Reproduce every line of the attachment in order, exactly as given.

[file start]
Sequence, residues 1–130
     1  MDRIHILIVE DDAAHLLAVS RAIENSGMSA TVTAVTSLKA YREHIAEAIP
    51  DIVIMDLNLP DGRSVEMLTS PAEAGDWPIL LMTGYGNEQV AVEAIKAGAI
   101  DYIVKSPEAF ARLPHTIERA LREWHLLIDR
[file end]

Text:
Sequence, residues 1–130
     1  MDRIHILIVE DDAAHLLAVS RAIENSGMSA TVTAVTSLKA YREHIAEAIP
    51  DIVIMDLNLP DGRSVEMLTS PAEAGDWPIL LMTGYGNEQV AVEAIKAGAI
   101  DYIVKSPEAF ARLPHTIERA LREWHLLIDR